Rarely rising above mezzo piano, even when most of the band is playing, the music of The Solitary Dancer has a unique ability to suggest stillness within purposeful energy. The simple melodic and rhythmic motives from which Benson constructed this amazing and original piece are assembled and re-assembled in a continual tapestry of quiet magic that testifies to the composer’s instrumental mastery. The large percussion functions as a “continuo”, keeping the pace constant (“with quiet excitement throughout”) and adding wonderful touches of light and idiosyncratic color.

When asked to give advice to ambitious young composers, Benson answered:

I tell them to take a look at the repertoire and see what’s not there that is present in life. That thought is one of the reasons why I wrote The Solitary Dancer. There just wasn’t any work that was fast and exciting and quiet. Like when a group of people get together and whisper, there is a lot of intensity and excitement, but it never gets loud. It never goes anywhere in that sense. It may bubble and cook but it never really blows the lid off. There are a lot of situations in life like that—just quiet moments.

That last quote comes from the book Program Notes for Band by Norman Smith.  But I was lucky enough to find on the University of Maryland Wind Orchestra’s Blog.  You can read up further on Benson and his music at Wikipedia and his extensive, up-to-date website.

The Peabody Wind Ensemble plays:

Massachusetts native Michael Gandolfi (b. 1956) taught himself to improvise on the guitar starting at age 8.  As his skills grew through his teens, he found himself drawn towards composition, which he later studied at the New England Conservatory of Music (both BM and MM degrees) in Boston.  He has subsequently received many fellowships (Yale, Tanglewood) and awards.  His music has been played by ensembles all over the US and Britain, and has been recorded on the Deutsche Grammophon and CRI labels.  He has been on the faculty of Harvard University, the New England Conservatory, and the Tanglewood Music Center.  Vientos y Tangos (2002) was his first piece for wind band.  He says:

Vientos y Tangos (Winds and Tangos) was commissioned by The Frank L. Battisti 70thBirthday Commission Project and is dedicated to Frank Battisti in recognition of his immense contributions to the advancement of concert wind literature. It was Mr. Battisti’s specific request that I write a tango for wind ensemble. In preparation for this piece, I devoted several months to the study and transcription of tangos from the early style of Juan D’arienzo and the ‘Tango Nuevo’ style of Astor Piazzolla to the current trend of ‘Disco/Techno Tango,’ among others. After immersing myself in this listening experience, I simply allowed the most salient features of these various tangos to inform the direction of my work. The dynamic contour and the various instrumental combinations that I employ in the piece are all inspired by the traditional sounds of the bandoneon, violin, piano and contrabass.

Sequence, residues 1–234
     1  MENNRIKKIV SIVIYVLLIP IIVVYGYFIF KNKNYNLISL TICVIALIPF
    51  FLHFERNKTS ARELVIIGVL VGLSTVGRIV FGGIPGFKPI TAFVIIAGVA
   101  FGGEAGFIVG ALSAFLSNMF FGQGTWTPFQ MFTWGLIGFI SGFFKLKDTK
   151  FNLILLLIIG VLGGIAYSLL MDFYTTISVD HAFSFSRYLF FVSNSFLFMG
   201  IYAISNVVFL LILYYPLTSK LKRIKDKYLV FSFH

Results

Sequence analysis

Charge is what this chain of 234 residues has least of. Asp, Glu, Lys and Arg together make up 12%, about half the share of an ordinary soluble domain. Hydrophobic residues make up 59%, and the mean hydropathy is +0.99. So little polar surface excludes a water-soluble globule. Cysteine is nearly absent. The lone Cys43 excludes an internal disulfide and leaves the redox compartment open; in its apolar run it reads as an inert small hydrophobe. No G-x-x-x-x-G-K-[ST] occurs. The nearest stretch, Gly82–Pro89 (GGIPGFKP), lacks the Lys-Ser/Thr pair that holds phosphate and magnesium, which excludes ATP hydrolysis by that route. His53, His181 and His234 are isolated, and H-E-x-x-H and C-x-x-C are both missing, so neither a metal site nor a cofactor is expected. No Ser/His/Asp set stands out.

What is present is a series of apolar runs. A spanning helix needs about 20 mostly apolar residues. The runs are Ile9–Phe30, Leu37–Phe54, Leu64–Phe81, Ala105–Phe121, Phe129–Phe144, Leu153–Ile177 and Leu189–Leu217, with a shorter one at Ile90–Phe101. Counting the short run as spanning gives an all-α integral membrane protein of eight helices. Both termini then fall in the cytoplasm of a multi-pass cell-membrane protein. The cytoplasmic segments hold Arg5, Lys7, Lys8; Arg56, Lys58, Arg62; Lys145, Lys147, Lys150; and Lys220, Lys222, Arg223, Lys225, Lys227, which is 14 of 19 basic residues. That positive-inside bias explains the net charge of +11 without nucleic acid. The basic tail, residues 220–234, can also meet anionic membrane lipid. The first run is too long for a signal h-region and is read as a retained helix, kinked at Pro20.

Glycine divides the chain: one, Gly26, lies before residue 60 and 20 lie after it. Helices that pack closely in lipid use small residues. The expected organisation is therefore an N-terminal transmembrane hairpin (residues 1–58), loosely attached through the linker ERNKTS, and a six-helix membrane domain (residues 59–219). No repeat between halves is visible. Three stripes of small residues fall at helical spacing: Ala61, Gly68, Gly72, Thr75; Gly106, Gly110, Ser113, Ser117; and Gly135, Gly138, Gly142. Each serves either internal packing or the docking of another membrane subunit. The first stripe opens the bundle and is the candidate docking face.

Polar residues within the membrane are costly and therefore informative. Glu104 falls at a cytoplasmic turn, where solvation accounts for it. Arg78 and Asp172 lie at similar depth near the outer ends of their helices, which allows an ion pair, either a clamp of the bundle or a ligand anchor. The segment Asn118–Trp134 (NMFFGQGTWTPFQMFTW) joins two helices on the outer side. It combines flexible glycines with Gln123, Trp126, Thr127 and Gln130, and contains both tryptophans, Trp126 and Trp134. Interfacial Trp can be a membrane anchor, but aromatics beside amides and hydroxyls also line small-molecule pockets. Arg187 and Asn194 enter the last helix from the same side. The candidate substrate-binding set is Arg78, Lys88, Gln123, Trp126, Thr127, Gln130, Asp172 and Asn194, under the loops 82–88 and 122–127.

I would like to express my gratitude to Mr. Battisti for his inspirational leadership as director of the New England Conservatory Wind Ensemble for over thirty years. I first heard Mr. Battisti’s work when I was a student at the New England Conservatory in the late 1970’s. I was instantly moved by his high artistic standards, his ability to motivate young musicians, and the respect for composers, past and present, that he always eloquently expressed to his students. I would also like to thank Dr. Frederick Harris, Jr. for his professionalism, collegiality and adept work in organizing the commission project.

I’ll get to those various tango styles he mentioned in a minute.  First, let’s hear the piece itself as performed by the UCLA Wind Ensemble:

Now some authentic tango, Gandolfi’s source material.  Here’s something from Juan D’Arienzo, a tango called “De Puro Curda”, recorded in Uruguay in 1964, very late in D’Arienzo’s career:

Astor Piazzolla changed everything in the tango world.  For more on him, see my blog post on the subject.  For now, listen to one of his livelier tangos, “Escualo”, which apparently is supposed to portray a shark fishing expedition.  This was recorded at the 1985 Montreux Jazz Festival, also very late in Piazzolla’s career:

Finally, I have to admit that I’m no devotee of post-Piazzolla tango trends.  So I’ve tried to find something (anything!) that sounds more modern and that might have inspired Gandolfi.  Here’s an attempt: a song that seems to have techno beats and bandoneon.  Those must be all of the ingredients for Techno Tango, right?

Learn more about Michael Gandolfi on Wikipedia and his own website.

Read up on the tango, Argentina’s main musical export, on Wikipedia.